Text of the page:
Another option used to determine if your blood alcohol levels, or BAC, were too high at the time that you were stopped is the chemical blood test. This test may be performed after you are arrested at the police station or a medical facility. However, some units have secure vehicles that they can use at the scene to take a blood test immediately. Where, when and how your BAC is checked can have a direct bearing on whether you are convicted or acquitted of a DUI.
Blood Alcohol Tests
A blood test for BAC is certainly the most accurate option available today. Blood alcohol tests are usually considered to be accurate within 5% of the number given. Because they are so accurate, many individuals, including some DUI attorneys, assume that nothing can go wrong with them and that a positive reading assumes that you are guilty.
Blood tests are simple procedures that do not take long to accomplish and that only cause minor pain and bruising at the sight. If you are required to have a blood test, you will be seated and will have a tight band placed around your upper arm. They may ask you to clench your fist. After cleaning the area, they will poke your arm with a needle. After they fill up their test tube, they will release the tight band, remove the needle and place a bandage over the location.
A certain protocol must be followed to ensure that your blood is treated properly to ensure correct results. If the protocol is not followed, your DUI defense attorney can safely assume that an error may have occurred along the way and that the number returned is inaccurate.
Even though blood tests are so accurate, they may still deliver falsely high readings. Most of the problems occur because of human error during the collection process although some errors also occur during the testing and reporting steps. Consider the following issues that have been seen in many cases.
The person who draws the blood must be qualified and have plenty of experience to perform the test correctly. Unfortunately, most phlebotomists have very little training and only 40 hours of experience before performing independently.
Incorrect blood collection
Blood specimens must be collected using sterile technique and using the proper equipment. For example, using an alcohol pad to cleanse the skin can skew results.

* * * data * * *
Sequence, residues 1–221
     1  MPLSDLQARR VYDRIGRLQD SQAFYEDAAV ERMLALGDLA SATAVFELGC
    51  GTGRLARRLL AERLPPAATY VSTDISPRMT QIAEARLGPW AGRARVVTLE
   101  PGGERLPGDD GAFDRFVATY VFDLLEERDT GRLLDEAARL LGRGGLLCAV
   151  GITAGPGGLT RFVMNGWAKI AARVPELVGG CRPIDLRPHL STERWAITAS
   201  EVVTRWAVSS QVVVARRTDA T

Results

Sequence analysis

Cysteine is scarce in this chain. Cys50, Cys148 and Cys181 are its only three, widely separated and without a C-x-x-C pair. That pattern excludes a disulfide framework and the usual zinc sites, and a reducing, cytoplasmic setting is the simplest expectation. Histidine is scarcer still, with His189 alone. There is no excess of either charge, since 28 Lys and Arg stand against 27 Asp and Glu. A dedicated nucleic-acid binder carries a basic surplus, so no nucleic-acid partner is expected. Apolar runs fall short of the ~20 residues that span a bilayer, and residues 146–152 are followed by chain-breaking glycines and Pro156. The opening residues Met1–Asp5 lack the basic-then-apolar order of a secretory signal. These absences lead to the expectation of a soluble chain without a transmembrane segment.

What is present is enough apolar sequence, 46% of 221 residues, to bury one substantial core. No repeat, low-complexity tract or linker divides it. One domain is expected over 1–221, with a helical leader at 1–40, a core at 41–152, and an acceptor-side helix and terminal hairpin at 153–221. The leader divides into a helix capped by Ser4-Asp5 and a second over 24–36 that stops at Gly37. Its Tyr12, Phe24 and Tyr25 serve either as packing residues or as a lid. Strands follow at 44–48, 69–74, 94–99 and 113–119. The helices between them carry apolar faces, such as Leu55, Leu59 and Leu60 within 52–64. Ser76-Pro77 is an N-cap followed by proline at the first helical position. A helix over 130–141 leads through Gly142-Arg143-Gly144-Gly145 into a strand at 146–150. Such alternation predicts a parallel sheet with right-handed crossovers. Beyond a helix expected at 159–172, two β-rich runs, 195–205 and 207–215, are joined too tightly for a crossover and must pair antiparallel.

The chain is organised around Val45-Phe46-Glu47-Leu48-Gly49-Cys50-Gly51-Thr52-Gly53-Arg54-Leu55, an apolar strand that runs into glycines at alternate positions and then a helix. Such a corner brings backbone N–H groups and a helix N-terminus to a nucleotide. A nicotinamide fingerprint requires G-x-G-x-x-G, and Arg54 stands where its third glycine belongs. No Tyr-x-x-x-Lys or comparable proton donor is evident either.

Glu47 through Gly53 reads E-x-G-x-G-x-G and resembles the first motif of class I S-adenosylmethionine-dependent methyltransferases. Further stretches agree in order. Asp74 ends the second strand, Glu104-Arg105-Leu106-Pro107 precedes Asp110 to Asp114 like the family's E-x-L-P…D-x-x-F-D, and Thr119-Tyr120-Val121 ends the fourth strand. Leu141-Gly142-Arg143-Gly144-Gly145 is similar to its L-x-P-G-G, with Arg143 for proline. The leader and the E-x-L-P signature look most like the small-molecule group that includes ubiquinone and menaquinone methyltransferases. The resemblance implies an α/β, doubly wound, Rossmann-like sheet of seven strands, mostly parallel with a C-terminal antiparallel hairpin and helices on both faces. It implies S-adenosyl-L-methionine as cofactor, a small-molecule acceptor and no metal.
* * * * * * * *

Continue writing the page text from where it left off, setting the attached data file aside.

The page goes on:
Inaccurate or broken equipment
Equipment may no longer be sterile or may contain microorganisms or other specimens that will skew results.
Poor blood storage
Upon being collected, the blood must be properly chilled before being sent to the lab.
Before being chilled, the vial of blood must be shaken for 30 seconds to decrease blood separation.
At the lab, equipment error or poorly calibrated equipment can give false positives.
Although rare, the lab may incorrectly report the BAC number obtained.
Range of error by the lab
In order to maintain an accurate and scientific process, the lab doing the testing should report their margin of error associated with the testing method. Labs that are accredited typically must report this.
Each law enforcement station will have a chain-of-custody protocol that they must follow to ensure that the blood is correctly obtained, stored and transferred. If this chain is not followed correctly, your sample results could be inaccurate.
Certain health issues, such as diabetes and high ketone levels, can inaccurately increase your BAC.
Isopropyl alcohol, cough medicines and mouthwashes containing alcohol and even herbal supplements, such as kava or ginseng, can increase your BAC.
Blood Alcohol Tests
Because there are so many things that can go wrong during the blood alcohol test, most states have changed their blood-gathering kits to self-contained kits that eliminate most possibilities for error. These kits ensure that testers do not use alcohol swabs to clean the skin and that they have everything they need in a sterile environment. Most also include what will be needed to split the blood sample in two to provide you with a separate sample that you can send out to be independently tested.
Keep in mind that you may still refuse the blood test for BAC. However, most states have “implied consent” laws. These laws state that because you carry a state driver’s license, the state has the authority to test your BAC at any time. Some states even give law enforcement personnel the right to test your blood without your consent. These “implied consent” laws also allow law enforcement to obtain warrants for blood draws in a mobile setting to give them the power they need to insist on a blood test.
If you do successfully refuse the blood test, you may face severe consequences whether or not you are convicted of DUI. If you refused and are subsequently convicted of DUI, your sentencing will most likely be harsher than it would have been had you submitted to the blood test. You may even be sentenced to a longer jail time. Even if you are acquitted of DUI, most states will still take your driver’s license away from you for a year. Although the right of refusal is yours, consider the consequences carefully before making your decision.
Even though blood alcohol tests are generally seen as being conclusive evidence by most judges and juries, your attorney may be able to challenge them successfully by using some of the above points. Your attorney will simply need to prove that some integral point was not carried through on the testing or that your independently tested blood sample came back with a different number than did the sample that was tested by law enforcement. Because the BAC results are generally the best method prosecution has for convicting you, the results of your entire case can be entirely turned around if your numbers are shown to be inaccurate or inconclusive. Typically, you need a very good attorney who is willing to challenge prosecution wholeheartedly to make this defense.